They raised a family in their home which was a cave on the shoreline whose entrance was below water at high tide and meant that no'one ever thought to look for them there. These children as they grew to adulthood were bred with by the parents and between themselves until a great gang of murderous cannibals roamed the dark roads around Girvan and brought terror to all until they were finally captured. Their cave was found to contain the smoked and pickled remains of dozens of men, women and children! The king ordered the whole clan be shackled in heavy chains and taken to Edinburgh.
There was no question as to their guilt and it was decided that the punishment should fit the crimes. On the cobbles of the Royal Mile outside St Giles Cathedral the male members of the family had their arms and legs hacked from their bodies and they were left to bleed to death. Once the last man had expired the women, who had been forced to watch the death of their menfolk, were bound together around a stake and burned to death in front of a jeering crowd of thousands.
That then was the end of the reign of terror of Alexander (Sawney) Beane and his murderous family.
That, at least, is the legend of Sawney beane but just how much of it is true?
Probably none of it.
There are no records of any of those hundreds of missing people. No court records to show the trial of innkeepers thought to be involved and even the identity of the King varies from version to version. King James I, the IV and the VI are all named as being the one responsible for solving the problem. Even the name 'Sawney' is a clue as to where the story originates: England. Sawney was an old and derogatory term for the Scottish and the story first saw the light of day in the early 18th Century when English suspicions of Scots and their Jacobite leanings were always at the forefront of suspicion minds.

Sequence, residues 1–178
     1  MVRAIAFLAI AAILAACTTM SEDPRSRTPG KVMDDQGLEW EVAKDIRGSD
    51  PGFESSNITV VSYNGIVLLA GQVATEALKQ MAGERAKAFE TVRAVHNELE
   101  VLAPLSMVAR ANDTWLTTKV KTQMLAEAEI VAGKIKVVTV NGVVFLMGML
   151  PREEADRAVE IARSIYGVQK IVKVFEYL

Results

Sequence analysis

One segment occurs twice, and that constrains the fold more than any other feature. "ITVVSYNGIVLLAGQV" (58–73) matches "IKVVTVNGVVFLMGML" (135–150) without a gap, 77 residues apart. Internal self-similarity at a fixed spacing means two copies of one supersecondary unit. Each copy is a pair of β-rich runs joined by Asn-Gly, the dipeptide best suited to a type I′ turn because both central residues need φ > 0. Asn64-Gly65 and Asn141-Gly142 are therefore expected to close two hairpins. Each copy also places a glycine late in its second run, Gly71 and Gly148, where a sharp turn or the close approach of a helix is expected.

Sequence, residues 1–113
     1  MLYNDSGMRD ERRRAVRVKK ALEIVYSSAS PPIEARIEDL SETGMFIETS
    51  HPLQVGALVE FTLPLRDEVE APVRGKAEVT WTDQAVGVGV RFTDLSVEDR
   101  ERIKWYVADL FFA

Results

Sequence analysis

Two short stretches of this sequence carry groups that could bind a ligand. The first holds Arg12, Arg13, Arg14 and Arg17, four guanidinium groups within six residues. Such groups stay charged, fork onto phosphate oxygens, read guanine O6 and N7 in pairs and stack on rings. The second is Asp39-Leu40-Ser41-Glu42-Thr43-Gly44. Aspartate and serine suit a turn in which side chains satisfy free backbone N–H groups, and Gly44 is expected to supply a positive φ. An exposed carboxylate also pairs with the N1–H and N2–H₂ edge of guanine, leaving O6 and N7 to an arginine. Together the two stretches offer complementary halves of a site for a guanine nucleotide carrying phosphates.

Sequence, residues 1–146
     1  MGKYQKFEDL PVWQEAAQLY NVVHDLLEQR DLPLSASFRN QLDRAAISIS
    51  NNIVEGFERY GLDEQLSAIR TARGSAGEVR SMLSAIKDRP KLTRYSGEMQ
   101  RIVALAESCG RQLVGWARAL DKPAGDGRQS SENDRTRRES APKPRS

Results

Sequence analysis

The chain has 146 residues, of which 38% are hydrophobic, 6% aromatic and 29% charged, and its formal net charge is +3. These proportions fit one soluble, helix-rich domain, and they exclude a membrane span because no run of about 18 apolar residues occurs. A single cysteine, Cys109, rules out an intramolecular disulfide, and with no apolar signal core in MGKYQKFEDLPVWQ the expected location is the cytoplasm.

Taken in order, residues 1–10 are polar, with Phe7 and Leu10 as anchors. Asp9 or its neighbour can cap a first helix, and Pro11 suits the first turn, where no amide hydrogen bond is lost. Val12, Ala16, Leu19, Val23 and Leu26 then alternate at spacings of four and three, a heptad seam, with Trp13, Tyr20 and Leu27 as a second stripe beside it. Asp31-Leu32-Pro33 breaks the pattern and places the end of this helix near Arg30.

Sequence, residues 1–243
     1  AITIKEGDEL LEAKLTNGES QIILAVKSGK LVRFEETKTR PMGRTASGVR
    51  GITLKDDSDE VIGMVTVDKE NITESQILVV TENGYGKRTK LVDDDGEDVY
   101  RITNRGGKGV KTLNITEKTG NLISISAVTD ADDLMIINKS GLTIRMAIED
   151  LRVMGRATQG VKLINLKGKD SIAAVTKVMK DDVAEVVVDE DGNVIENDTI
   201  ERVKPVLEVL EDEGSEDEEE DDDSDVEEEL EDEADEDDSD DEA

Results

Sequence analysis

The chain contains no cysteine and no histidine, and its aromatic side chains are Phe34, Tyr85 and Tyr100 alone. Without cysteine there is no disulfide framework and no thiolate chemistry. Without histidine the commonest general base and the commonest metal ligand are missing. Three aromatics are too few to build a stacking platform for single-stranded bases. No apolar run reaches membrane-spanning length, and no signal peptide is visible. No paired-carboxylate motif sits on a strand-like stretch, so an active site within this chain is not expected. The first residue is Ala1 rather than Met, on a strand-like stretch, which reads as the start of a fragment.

One interesting footnote to the legend is that the tale of a murderous cannibal family inspired Wes Craven to make the movie The Hills Have Eyes!

So from the Ayrshire hills to the Hollywood hills the story of blood, incest, greed and murder stretched across the centuries.

This post is written by Stuart S Laing - Review Blog author and writer of 18thc Scottish mysteries


  1. Very interesting. Strange that if it is Hanovarian propaganda that it would feature King James (of the supplanted dynasty) personally sorting out the murderers? Seems to shoot itself in the foot somehow!

    1. True, but the main thrust was to show the barbarity of Scotland and the Scots and reinforce the idea that the whole place was less civilised than England. While it shows a Stewart monarch capturing the killers it did stress his disregard for law by ordering the barbaric method of execution (not the type of behaviour you would get from the trustworthy Hanoverians)

  2. Great post! Could there also have been a connection with the Covenanters and all the grisly stories that emerged from south-west Scotland during that period?

    1. It's a possibility. The south-west of Scotland seems to have suffered more than most areas during the 'Killing Times' with summary executions and kangaroo courts. The Wigtown martyrs are a grim example of the brutality displayed against the Covenanters.